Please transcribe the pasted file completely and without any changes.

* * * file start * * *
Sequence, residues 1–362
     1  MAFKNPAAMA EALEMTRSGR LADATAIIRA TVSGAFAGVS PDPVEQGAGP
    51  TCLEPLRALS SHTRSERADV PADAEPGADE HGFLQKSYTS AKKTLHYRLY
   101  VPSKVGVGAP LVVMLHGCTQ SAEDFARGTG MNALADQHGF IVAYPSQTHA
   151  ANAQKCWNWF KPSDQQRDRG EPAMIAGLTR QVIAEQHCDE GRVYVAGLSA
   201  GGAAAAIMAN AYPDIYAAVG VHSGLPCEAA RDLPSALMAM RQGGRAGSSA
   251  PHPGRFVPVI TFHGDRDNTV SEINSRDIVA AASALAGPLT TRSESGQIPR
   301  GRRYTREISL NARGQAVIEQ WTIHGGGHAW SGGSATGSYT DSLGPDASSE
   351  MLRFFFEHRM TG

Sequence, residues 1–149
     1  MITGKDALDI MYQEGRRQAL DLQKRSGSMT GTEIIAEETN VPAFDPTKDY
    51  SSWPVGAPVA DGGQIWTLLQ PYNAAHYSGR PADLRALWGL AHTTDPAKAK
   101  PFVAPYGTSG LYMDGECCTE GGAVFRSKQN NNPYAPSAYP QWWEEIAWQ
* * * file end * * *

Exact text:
Sequence, residues 1–362
     1  MAFKNPAAMA EALEMTRSGR LADATAIIRA TVSGAFAGVS PDPVEQGAGP
    51  TCLEPLRALS SHTRSERADV PADAEPGADE HGFLQKSYTS AKKTLHYRLY
   101  VPSKVGVGAP LVVMLHGCTQ SAEDFARGTG MNALADQHGF IVAYPSQTHA
   151  ANAQKCWNWF KPSDQQRDRG EPAMIAGLTR QVIAEQHCDE GRVYVAGLSA
   201  GGAAAAIMAN AYPDIYAAVG VHSGLPCEAA RDLPSALMAM RQGGRAGSSA
   251  PHPGRFVPVI TFHGDRDNTV SEINSRDIVA AASALAGPLT TRSESGQIPR
   301  GRRYTREISL NARGQAVIEQ WTIHGGGHAW SGGSATGSYT DSLGPDASSE
   351  MLRFFFEHRM TG

Sequence, residues 1–149
     1  MITGKDALDI MYQEGRRQAL DLQKRSGSMT GTEIIAEETN VPAFDPTKDY
    51  SSWPVGAPVA DGGQIWTLLQ PYNAAHYSGR PADLRALWGL AHTTDPAKAK
   101  PFVAPYGTSG LYMDGECCTE GGAVFRSKQN NNPYAPSAYP QWWEEIAWQ